For Brazil, the coronavirus isn’t just a health crisis – it’s also an environmental one

For Brazil, the coronavirus epidemic isn’t only a health crisis. While the country has already 179,000 confirmed cases and 12,000 deaths, the environment is also taking a toll, with an increase of logging and mining operations.

Image credits Flickr.

Environmental organizations said the pandemic has provided a cover for extractive activities across the country, blaming Brazilian President Jair Bolsonaro for what they say has been a tacit approval of deforestation in the Amazon region.

Deforestation in the Brazilian Amazon soared by 55% in the first four months of the year compared to the same period last year, according to Brazil’s National Institute for Space Research. Destruction in April was up by 64% from the same month a year ago. A total of 5,606 square kilometers of forest have been lost since the “deforestation year” began August 1, 2019, the highest on record for this time of year. Forest loss in Brazil has now risen 13 consecutive months relative to year-earlier figures.

Ricardo Salles, Brazil’s environment minister, acknowledged that government data showed rising deforestation this year and said the coronavirus pandemic had “aggravated” the situation, without explaining exactly how. He said he was confident in the government’s actions to lower deforestation.

“Government agencies are in quarantine, the population is in quarantine, good people are in quarantine — but the criminals are not, so they are taking advantage of this momentum to increase their activity,” said André Guimarães, the head of Amazon Environmental Research Institute, a nonprofit organization.

The Brazilian state of Amazonas has been one of the hardest-hit regions of the country by the coronavirus pandemic, with many of the country’s resources going to fighting the virus. Campaigners fear this may mean that less attention is being given to the deforestation.

Fernando Azevedo, Brazil’s Defense Minister, said armed forces were establishing bases in three Amazon cities, with 3,800 troops mobilized against illegal logging and other crimes, at an initial cost of $10 million. The military is currently authorized for deployment for 30 days until 10 June but this could be extended.

“We have no doubt this problem will continue to exist,” the vice president said. “We don’t consider this the best job for the armed forces, to be always engaged in this type of action, but unfortunately it’s the means we have to limit these crimes from happening.”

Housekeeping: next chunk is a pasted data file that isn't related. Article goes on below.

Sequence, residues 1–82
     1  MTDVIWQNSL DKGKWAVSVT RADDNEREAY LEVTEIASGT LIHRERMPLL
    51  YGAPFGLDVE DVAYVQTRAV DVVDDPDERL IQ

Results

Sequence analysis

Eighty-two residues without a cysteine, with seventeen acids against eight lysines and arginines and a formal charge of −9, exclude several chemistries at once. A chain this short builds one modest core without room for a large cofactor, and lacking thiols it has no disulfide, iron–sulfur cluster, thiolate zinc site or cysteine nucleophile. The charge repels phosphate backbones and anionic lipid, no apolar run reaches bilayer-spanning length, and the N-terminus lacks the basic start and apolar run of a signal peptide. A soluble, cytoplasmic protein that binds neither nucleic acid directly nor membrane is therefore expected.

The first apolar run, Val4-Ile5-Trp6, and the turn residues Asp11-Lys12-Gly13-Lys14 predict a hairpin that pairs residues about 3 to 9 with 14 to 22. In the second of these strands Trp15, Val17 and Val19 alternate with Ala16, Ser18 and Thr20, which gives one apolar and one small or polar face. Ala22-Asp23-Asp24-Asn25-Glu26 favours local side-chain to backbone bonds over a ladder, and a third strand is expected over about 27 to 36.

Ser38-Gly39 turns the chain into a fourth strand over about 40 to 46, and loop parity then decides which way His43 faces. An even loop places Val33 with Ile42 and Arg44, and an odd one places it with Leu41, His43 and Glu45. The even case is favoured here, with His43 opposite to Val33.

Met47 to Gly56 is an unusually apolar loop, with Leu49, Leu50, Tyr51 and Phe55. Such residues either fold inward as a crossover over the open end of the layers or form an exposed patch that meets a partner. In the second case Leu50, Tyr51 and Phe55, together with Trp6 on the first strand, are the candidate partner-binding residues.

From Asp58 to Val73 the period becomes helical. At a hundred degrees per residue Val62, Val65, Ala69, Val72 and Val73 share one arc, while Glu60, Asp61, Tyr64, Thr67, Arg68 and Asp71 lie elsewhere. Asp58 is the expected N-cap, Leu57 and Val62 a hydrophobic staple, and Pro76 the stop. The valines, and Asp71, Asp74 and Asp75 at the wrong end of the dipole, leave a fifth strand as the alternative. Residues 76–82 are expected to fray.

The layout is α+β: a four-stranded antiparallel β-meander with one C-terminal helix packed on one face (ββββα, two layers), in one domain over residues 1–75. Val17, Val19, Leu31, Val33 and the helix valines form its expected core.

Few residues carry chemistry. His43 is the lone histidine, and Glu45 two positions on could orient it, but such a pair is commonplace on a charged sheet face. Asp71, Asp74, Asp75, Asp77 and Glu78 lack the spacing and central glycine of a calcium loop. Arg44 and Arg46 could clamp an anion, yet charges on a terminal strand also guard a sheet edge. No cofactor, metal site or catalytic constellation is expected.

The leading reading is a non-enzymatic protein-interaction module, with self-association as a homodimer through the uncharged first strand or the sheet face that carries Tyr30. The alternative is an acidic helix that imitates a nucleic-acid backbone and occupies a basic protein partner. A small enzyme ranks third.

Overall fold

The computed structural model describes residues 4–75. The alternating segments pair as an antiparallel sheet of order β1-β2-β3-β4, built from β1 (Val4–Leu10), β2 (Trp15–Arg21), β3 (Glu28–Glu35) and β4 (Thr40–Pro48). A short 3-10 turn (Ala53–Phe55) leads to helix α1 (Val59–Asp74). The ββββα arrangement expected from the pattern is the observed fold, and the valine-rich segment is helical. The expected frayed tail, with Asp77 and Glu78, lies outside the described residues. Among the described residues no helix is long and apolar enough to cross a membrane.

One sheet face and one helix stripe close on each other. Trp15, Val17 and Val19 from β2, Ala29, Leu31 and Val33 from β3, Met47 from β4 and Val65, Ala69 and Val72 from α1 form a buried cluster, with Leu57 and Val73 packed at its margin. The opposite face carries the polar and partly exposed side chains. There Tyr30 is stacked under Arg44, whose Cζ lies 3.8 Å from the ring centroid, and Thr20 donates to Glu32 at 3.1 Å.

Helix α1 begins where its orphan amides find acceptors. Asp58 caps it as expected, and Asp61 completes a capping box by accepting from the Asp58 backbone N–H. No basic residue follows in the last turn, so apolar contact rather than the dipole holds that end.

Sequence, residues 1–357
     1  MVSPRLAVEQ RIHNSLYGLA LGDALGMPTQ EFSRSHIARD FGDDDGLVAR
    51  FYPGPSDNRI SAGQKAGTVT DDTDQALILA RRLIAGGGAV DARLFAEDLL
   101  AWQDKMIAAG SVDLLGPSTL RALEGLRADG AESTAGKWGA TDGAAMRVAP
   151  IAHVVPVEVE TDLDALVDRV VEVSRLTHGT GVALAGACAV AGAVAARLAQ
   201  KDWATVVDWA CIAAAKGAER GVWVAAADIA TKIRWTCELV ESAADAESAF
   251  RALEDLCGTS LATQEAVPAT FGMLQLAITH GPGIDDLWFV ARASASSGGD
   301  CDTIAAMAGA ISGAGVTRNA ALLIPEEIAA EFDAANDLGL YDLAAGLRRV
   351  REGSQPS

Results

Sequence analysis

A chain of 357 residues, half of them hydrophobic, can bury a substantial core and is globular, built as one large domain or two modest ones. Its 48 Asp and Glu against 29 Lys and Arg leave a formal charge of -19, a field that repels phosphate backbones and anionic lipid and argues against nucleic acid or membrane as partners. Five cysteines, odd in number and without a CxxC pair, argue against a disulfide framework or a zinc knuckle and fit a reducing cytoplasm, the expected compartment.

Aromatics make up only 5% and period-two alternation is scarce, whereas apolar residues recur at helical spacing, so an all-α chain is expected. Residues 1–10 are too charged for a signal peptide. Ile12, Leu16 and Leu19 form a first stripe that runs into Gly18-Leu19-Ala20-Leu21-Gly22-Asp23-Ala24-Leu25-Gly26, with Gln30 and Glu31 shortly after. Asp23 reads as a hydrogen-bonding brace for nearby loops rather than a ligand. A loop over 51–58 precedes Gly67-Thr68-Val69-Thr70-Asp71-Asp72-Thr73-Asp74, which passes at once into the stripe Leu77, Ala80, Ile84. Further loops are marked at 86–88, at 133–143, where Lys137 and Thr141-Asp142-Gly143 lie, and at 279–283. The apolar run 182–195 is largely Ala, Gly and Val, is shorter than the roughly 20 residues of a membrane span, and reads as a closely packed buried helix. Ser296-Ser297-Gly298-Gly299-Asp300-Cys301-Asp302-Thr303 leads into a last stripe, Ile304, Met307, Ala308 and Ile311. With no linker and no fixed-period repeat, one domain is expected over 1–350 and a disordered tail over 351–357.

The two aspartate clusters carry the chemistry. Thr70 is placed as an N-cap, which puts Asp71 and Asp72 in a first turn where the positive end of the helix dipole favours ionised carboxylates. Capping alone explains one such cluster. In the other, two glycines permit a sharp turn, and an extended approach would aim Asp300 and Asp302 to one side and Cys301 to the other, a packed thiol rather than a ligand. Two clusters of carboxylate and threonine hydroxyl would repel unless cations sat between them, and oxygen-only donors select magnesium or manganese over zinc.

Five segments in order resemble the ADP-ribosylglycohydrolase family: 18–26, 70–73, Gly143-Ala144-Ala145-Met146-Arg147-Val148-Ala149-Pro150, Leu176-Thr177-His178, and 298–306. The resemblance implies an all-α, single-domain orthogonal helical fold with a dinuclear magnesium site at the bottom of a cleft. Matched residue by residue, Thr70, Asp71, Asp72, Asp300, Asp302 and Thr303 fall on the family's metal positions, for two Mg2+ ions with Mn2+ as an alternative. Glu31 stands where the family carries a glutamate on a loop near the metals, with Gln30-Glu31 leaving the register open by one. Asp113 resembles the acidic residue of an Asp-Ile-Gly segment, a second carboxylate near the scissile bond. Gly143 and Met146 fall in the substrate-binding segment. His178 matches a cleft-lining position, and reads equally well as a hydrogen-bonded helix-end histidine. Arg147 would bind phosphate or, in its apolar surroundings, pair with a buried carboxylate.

Last year, over 10,000 square kilometers of forest were lost to fires and illegal deforestation. The vast majority of losses took place between May and October. Experts are concerned about the scale of destruction so far this year, since deforestation is normally hampered during these months due to the high rainfall.

Brazil’s environmental agency has seen large staffing and budget cuts since Bolsonaro’s tenure as president began. Environmentalists have repeatedly said that supporting Brazil’s environmental protection agencies would be a more effective plan than sending in military forces.

As Bolsonaro scoffs, coronavirus expands in Brazil with over 100,000 confirmed cases

With open borders and virtually no national lockdown, the figures of the coronavirus epidemic in Brazil are shocking and continue to worsen every day, as with Brazilian President Jair Bolsonaro refuses to acknowledge the extent of the problem.

Credit Flickr

The country has registered 7,025 deaths from COVID-19 (275 of them in the last 24 hours) and has exceeded the barrier of 100,000 confirmed cases, now with 101,147 cases, with a much worse situation than what is seen in other countries in South American.

And the real situation may yet be worse.

The real number of cases could be over a million, as Brazil has a severe lack of tests, according to different studies recently published – with the peak of the infection expected in two weeks.

The state of Sao Paulo, the richest and most populous in Brazil, with some 46 million inhabitants, continues to be the hardest hit by the pandemic with 2,627 deaths and 31,772 infected by COVID-19. The state of Rio de Janeiro follows with 1,019 deaths and 11,139 infected.

In a rally on Sunday, Bolsonaro reaffirmed his rejection of a lockdown and questioned governors who imposed measures to limit the movement of people. Each state in Brazil has the right to decide whether to set a lockdown or not. Sao Paulo, for example, has a lockdown in place since mid-March. Overall, however, Brazil is still not experiencing a lockdown against the outbreak.

“The number of jobs that are being lost because of the lockdown is irresponsible and inadmissible. This will cost us a lot in the future,” Bolsonaro said in the rally. “The people are with us and the army in the side of the law, the order, the liberty and the democracy.”

Bolsonaro’s stance is largely in line with his counterpart and ally U.S. President Donald Trump, who has been stressing the need to put people back to work as unemployment figures keep growing — in opposition to the advice from health experts and governors. However, while Trump has been kept in check by the rest of the administration and by Congress, Bolsonaro has been given a freer hand — and the results are frightening.